From the monthly archives: "December 2009"

Large, green, slow-moving, wide wingspan
November 30, 2009
I found this guy on my lampshade in November. We live amongst Oaks and Cedars predominantly, have acid soil, nights down to 40’s currently. I thought Katydid, but maybe a tree cricket of some kind? Thank you!
Rhoni Lawrence
2400 ft. Sierra Nevada foothills in N. California

Common Conehead

Common Conehead

Dear Rhoni,
This sure appears to be a Common Conehead Katydid in the genus Neoconocephalus, but we cannot be certain of the species.  None of the species that are identified on bugGuide are found in California, but some unidentified specimens are.

Common Conehead

Common Conehead

Perhaps one of our readers who is more skilled at Katydid identification will be able to provide a species name.

Common Conehead

Common Conehead

In January 2009, we first posted the announcement that we are writing a book, and we are happy to announce that we emailed a first draft that is longer than we needed by about 15%, which means our editor at Penguin/Perigee will have room to cut content. Right now, the working title is The Curious World of Insects.  Our book will not be an identification guide and it will not be a scientific text.  To quote from our proposal “Rather than using the Q&A format, the book will be a compendium of accumulated information, and instead of concentrating on species identification in the way a field guide does, the What’s That Bug? book will be more of a general overview of groups of bugs.”  We will be spending December and January rewriting at the editor’s suggestion, and we also need to find visual content.  We will not be using photographs, but rather old entomological sketches from very old books, similar to the drawing of the earwig that appears on our homepage.  Please be patient as we try to shift some of our attention to meeting our commitment to our agent and editor and making good on our promise.  Chances are quite good that if you have a question, using our in site search engine should lead you to an answer.  If your direct question does not receive an answer, please do not take it personally.  It is because of our own time constraints.

Mottled umber moth
November 29, 2009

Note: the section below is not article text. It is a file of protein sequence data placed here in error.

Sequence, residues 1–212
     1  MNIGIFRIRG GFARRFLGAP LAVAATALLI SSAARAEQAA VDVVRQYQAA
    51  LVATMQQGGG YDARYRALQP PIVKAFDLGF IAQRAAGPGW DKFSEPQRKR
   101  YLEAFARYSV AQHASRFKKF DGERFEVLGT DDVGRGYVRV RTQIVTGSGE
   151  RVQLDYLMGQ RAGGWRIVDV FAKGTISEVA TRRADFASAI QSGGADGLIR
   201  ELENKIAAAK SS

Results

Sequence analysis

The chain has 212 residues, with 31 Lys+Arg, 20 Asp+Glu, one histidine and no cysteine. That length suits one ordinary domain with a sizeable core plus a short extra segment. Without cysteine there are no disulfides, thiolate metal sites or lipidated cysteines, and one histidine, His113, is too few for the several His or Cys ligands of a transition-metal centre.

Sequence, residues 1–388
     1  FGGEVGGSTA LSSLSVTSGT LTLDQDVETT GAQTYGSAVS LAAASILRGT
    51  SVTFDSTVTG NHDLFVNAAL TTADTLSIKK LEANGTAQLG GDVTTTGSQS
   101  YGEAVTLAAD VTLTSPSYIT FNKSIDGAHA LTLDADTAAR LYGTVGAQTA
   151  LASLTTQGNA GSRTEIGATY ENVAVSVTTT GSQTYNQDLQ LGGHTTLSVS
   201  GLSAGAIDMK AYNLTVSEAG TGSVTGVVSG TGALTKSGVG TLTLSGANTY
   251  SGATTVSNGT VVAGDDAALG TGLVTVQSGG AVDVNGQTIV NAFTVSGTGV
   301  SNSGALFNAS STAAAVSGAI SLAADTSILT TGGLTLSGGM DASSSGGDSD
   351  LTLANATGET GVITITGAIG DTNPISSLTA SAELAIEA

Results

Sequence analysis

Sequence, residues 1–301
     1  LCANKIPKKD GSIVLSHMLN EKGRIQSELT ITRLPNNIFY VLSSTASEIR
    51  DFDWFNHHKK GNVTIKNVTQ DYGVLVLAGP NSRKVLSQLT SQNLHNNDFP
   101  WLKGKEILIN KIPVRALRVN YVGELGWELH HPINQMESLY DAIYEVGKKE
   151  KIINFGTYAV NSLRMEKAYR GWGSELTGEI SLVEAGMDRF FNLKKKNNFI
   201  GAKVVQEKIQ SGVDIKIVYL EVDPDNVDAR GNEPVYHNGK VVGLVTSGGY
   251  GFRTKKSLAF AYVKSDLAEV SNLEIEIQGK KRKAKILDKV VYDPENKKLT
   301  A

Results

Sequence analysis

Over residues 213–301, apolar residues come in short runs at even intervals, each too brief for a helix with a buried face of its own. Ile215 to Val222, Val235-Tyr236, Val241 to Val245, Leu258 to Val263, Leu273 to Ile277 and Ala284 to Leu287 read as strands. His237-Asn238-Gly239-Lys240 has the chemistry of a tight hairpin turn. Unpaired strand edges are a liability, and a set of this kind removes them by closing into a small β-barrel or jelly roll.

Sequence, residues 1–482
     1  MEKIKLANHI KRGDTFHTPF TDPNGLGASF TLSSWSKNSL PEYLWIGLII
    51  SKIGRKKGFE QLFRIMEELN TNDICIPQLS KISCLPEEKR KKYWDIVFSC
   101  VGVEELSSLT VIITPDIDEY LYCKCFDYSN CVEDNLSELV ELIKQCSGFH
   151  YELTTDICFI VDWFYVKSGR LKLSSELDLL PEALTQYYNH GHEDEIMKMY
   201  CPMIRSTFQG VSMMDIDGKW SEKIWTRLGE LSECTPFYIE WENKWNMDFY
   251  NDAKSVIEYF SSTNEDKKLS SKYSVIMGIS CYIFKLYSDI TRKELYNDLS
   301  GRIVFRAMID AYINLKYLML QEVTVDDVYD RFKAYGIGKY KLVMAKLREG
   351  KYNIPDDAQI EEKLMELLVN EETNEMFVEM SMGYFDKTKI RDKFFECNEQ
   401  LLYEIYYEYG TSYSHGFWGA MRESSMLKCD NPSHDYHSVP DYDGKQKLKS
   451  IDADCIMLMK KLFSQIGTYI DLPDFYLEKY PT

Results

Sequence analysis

I found a wingless moth that turned out to be an Mottled Umber Moth after I looked it up on the net. From what I gather they’re local to the UK. I’ve never seen a wingless moth besides what I’ve read in books so was surprised to see this insect. I have been collecting and observing insects for years and I’ve never seen one. My question is, could this be an introduced species or do they also live in the states? I took a few good macro shots of her so you should be able to tell if this is one introduced from the UK or of a different kind that’s local here (California).
Location info: She was sitting still on a banister pole at around 10:00 am. The surrounding trees are Maple and Black Locust. I believe she came out of the maple leaf litter and dirt on the ground in front of the porch which is where we released her after taking photos. I think its been around 40F at that time in the morning. The moth could have fallen from the maple which has just lost most of its leaves.
If you need any more info let me know.
Molly Zeta
Dunsmuir, CA

Female Mottled Umber Moth

Female Mottled Umber Moth

Dear Molly Zeta,
It does appear that you have a Mottled Umber Moth female, Erannis defoliaria,
and we found the APHIS Invasive Species Website that indicates it is an invasive exotic, but it doesn’t indicate where it has been found.  We are going to copy Stephanie Dubon at to verify the identification and also to report the sighting.  Wikipedia also has a page with nice photos.

Female Mottled Umber Moth

Female Mottled Umber Moth

Hi again Molly,
Though it might not be possible, we would encourage you to try to locate the specimen in question again.  APHIS likes to have actual specimens from which to identify.  Hopefully we will hear back from Stephanie soon.

I know you’re busy but I have another question. Is there any particular light bulb I can use for attracting these insects so I can collect them? I know the white sheet and lamp trick but is there a light that will work better or will the sheet/lamp and a plain light bulb do?
I will collect as many as I can. Do you think they would want them sent live or frozen and preserved in alcohol?
Thank you for your time, I’ll help the best I can.

Hi Molly,